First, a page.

FIG. 1 a functional view of the invention operably installed in a movie seat.
FIG. 2. is the invention shown in FIG. 1. folded into the storage and carry position.
FIG. 3. is a top view of the chair back of the invention shown in FIG. 1. depicting one possible layout of the recesses used for carrying drinks and concessions.
FIG. 4. is a side view of the invention of FIG. 1.
FIG. 5. depicts a series of invention 10 mounted in a dispensing rack.
Turning now to FIG. 1, the present invention may be viewed in the open position installed in a standard movie seat 2 having a spring biased seat cushion 4, biased to the up position. The instant invention 10 is shown installed in movie seat 2 in the open ready to use position. The child theater booster chair 10 of the present invention has a chair back 12 connected with a hinge to a chair bottom 14. Both the chair back 12 and the chair seat 14 are essentially planar structures and may be constructed of any material that is strong and light. While the construction materials are a design choice, a molded plastic is considered the best mode of construction for the chair back 12 and seat 14.
A pair of straps 16 contain a quantity of shot 18 that adds enough weight to the straps to keep the movie seat 4 in the down and open position while chair 10 is installed. The shot may be any small ball bearings or BB's and may be steel, copper-clad or lead. Because of the toxicity of lead it is considered to be the best mode to use a small steel shot approximately the size of an air rifle BB, although the gauge of shot is a design choice and imposes no limitations on the invention. Straps 16 are shown as two distinct separate straps but another embodiment can easily by constructed with a single weighted appendage 16. In the embodiment chosen for illustration, the weighted appendage is constructed from press and adhere material such as is marketed under the tradename VelcroŽ, so that it might engage a receiving material on the chair back 12 and hold the chair 10 in the folded, side by side position.
It is important to note that the embodiment chosen for illustration taught making weighted straps 16 out of press and adhere materials and filling them with shot 18, but the straps could contain snaps or buckles to engage the proper receiver on chair back 12 and have the weighted appendage as a separate element.
Finally, FIG. 1, shows a pair of handles 20 that are curved handles of the type used on dresser drawers. Another type handle is shown in FIG. 3 constructed out of canvas material. The best mode is considered to be constructing both handles 20 and hinge 22 out of canvas material as it is soft and safe around small children and economical to build. Handles 20 are operatively mounted and cooperate as a single handle when the invention 10 is in the folded, side by side position, allowing the user to hold both handles in one hand while carrying the chair. The type of handles is not critical to the invention and the type and materials used in construction of handles 20 is considered a design choice.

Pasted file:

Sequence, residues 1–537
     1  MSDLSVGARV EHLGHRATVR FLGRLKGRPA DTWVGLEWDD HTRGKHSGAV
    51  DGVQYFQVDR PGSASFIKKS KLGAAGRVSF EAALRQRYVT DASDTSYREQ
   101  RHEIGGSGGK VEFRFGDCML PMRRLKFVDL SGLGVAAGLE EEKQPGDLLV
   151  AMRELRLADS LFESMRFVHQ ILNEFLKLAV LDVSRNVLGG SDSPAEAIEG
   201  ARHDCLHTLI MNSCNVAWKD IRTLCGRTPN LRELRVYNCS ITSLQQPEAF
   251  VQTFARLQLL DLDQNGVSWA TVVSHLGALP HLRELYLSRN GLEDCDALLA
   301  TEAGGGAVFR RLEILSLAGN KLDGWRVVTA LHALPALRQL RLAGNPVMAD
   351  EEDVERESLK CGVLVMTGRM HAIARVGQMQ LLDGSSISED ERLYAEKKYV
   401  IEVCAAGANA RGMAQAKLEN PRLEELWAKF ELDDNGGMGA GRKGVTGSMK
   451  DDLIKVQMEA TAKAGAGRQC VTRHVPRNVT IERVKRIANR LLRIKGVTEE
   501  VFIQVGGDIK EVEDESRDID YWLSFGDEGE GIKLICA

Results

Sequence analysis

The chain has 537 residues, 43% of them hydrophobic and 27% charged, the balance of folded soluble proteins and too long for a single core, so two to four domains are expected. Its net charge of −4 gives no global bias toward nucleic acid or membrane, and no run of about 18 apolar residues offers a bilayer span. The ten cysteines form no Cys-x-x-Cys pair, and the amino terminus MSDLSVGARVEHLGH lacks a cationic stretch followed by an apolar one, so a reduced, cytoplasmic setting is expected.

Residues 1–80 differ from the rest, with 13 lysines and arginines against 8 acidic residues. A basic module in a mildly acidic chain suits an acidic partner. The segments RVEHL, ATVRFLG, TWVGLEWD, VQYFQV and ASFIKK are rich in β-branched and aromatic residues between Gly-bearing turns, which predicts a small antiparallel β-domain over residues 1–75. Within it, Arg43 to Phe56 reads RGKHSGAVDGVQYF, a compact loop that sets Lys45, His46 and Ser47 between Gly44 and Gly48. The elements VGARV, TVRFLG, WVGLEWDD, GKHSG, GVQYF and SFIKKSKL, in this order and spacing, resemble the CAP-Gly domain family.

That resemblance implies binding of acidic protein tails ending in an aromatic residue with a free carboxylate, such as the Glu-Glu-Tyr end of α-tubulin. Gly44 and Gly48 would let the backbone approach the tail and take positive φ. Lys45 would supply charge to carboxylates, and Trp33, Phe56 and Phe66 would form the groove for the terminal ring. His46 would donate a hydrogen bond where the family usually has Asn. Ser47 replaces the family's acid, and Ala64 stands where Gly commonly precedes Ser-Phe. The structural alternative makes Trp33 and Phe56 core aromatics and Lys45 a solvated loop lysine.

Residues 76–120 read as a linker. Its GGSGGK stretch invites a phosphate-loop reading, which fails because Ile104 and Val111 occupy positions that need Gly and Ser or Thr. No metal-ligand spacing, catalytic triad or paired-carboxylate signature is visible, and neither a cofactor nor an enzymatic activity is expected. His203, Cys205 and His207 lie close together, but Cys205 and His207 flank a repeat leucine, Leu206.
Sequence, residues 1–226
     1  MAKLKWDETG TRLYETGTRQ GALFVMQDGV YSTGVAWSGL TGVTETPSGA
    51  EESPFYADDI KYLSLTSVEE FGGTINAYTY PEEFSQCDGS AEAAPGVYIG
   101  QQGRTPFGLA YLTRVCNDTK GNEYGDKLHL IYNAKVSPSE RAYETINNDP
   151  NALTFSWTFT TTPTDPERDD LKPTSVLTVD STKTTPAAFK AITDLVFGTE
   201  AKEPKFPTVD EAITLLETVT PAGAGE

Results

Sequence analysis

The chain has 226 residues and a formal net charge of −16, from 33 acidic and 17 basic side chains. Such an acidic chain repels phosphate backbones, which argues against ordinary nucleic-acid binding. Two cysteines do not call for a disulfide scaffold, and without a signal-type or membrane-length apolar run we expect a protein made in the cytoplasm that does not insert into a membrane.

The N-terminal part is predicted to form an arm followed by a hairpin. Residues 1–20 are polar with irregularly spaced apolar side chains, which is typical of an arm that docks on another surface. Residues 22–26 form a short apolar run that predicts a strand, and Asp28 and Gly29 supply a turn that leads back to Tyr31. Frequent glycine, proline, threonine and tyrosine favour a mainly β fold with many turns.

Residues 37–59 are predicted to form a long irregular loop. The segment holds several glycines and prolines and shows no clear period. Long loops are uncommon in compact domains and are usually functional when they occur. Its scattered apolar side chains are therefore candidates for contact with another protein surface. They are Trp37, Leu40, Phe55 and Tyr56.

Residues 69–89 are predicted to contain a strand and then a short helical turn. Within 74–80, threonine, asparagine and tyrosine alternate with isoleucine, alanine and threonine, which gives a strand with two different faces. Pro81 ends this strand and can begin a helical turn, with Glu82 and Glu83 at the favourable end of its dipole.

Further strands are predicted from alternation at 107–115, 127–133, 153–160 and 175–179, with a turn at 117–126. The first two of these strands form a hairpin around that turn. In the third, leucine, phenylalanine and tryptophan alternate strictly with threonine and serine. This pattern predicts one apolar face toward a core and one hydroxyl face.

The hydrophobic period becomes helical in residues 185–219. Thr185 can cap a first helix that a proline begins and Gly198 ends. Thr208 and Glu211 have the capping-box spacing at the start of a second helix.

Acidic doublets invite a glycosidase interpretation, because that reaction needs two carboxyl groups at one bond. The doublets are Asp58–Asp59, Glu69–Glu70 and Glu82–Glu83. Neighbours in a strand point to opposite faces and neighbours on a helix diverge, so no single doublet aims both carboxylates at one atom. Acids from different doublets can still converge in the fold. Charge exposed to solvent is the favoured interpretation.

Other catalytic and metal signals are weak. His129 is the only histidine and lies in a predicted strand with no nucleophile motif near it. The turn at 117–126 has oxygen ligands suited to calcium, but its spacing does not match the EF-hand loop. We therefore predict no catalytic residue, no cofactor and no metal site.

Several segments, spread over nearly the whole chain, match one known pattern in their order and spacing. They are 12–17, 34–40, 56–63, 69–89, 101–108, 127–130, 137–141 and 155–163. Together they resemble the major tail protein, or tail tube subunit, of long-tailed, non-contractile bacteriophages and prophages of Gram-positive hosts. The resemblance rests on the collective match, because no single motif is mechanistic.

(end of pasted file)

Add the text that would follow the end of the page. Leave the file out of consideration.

FIG. 2 depicts the theater booster chair 10 in a folded, side beside position. A hinge 22 rotatably connects the chair back structure 12. FIG. 2 shows handles now in close proximity each to the other so that a person carrying chair 10 might use and hold them as a single handle.
FIG. 3 is a top view of the back of chair back structure 12 showing a two dimensional layout of possible recesses constructed into chair back structure 12 for carrying drinks and other concessions. The chair back 12 has a raised lip 24 around the outside edge so that when the chair is carried horizontally, it can also function as a carrying tray for whatever items need be carried into the theater. The raised lip need not be overly large and about one third of an inch works well. Within this raised lip 24 there is a plurality of circular depressions 26 sized for carrying drinks from the concession stand to the movie seats. The embodiment chosen for illustration also has a square indentation 28 that is operatively sized so that a box of popcorn will fit into depression 28. The depths of the recessions are a design choice but in the prototype testing, one half to one inch works well.
FIG. 3 also shows two patches of Velcro type receiving material 30 for attachably engaging the weighted closure straps 16, show in FIG. 1, to keep invention 10 in the folded, side by side carrying position.
FIG. 4 is a side view of invention 10 showing the recessed indentations 24 and 26 in phantom. A pair of cushions 32 are shown attached to the booster chair back and seat. These cushions may be attached with any appropriate fastening methods, such as snaps or adhesive.
FIG. 5 shows a number of the child theater booster chairs mounted in a dispenser rack 36, for dispensing in a movie theater lobby. The dispensing rack might be of the type that dispenses baggage carts at major airports and there are many existing designs that incorporate a coin type arrangement. It is considered to be within the scope of this invention to design rails 38 to allow the invention to be commercially dispensed in appropriate dispensing racks.
Thus, although the invention has been described relative to a specific embodiment thereof, there are numerous variations and modifications that will be readily apparent to those skilled in the art of the above teachings. It is therefore to be understood that, within the scope of the appended claims, the invention may be practiced other than as specifically described.
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|U.S. Classification||297/250.1, 297/DIG.6, 297/183.5, 297/382, 297/188.04|
|International Classification||A47C4/52, A47D1/10|
|Cooperative Classification||A47D1/103, A47C4/52, Y10S297/06, A47D1/02, A47D15/003|
|European Classification||A47D15/00B2, A47C4/52, A47D1/10B, A47D1/02|
|Oct 23, 1995||AS||Assignment|
Owner name: NAVY, UNITED STATES OF AMERICA, AS REPRESENTED BY
Free format text: ASSIGNMENT OF ASSIGNORS INTEREST;ASSIGNOR:ALGER, ALLISON M.;REEL/FRAME:007691/0073
Effective date: 19950804
|Jun 27, 2000||REMI||Maintenance fee reminder mailed|
|Dec 3, 2000||LAPS||Lapse for failure to pay maintenance fees|
|Feb 6, 2001||FP||Expired due to failure to pay maintenance fee|
Effective date: 20001203